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J Autoimmun. 1989 Oct;2(5):723-31.

The risk of neoplasms in patients treated with cyclosporine A.

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Clinical Research Department, Sandoz Ltd., Basle, Switzerland.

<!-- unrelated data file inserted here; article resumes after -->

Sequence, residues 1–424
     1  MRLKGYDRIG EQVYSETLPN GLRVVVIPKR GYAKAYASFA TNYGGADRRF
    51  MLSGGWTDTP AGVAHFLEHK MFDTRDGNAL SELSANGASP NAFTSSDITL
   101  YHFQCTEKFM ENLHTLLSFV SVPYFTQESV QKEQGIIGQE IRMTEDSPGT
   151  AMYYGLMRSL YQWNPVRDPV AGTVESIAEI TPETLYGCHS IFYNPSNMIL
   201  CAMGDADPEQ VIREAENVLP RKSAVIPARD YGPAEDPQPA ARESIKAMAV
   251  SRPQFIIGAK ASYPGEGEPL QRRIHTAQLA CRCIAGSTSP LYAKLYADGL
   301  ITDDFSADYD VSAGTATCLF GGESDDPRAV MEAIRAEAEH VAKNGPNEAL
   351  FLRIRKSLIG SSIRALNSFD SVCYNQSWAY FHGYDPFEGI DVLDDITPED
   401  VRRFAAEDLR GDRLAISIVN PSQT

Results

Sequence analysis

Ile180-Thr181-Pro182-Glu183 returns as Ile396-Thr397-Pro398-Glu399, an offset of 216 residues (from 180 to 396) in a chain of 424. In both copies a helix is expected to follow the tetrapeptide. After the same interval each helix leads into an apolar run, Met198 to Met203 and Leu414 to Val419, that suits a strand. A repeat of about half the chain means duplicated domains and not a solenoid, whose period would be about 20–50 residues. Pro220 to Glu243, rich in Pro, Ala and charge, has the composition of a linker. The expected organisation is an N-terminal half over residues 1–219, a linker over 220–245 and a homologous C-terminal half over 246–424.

Immunosuppressive therapy (IT) carries inherent risks involving the occurrence of lymphoproliferative disorders and malignancies (MA). The most frequently observed neoplasms in organ-transplant (OT) recipients treated with cyclosporine A (Cy-A) involve the skin and the lympho-reticular system. A disproportionally high percentage of the skin MA are Kaposi's sarcoma. Compared with a normal, not-exposed population matched for age, sex and country; Cy-A-treated OT recipients have a 28-times higher prevalence of lymphomas. This figure compares with a 34 to 59-fold increased risk in patients receiving conventional immunosuppressive therapy (CIT) for OT. However, it appears that in Cy-A-treated patients the latency period for the development of lymphomas is shorter than in patients on CIT. Other MA are increased seven-fold in Cy-A-treated patients and between two- and six-fold in those receiving CIT. The overall incidence of all types of MA is increased two-fold for Cy-A recipients and between two- and four-fold for those on CIT. Therefore patients receiving IT should be carefully monitored with respect to the possible occurrence of neoplasms.

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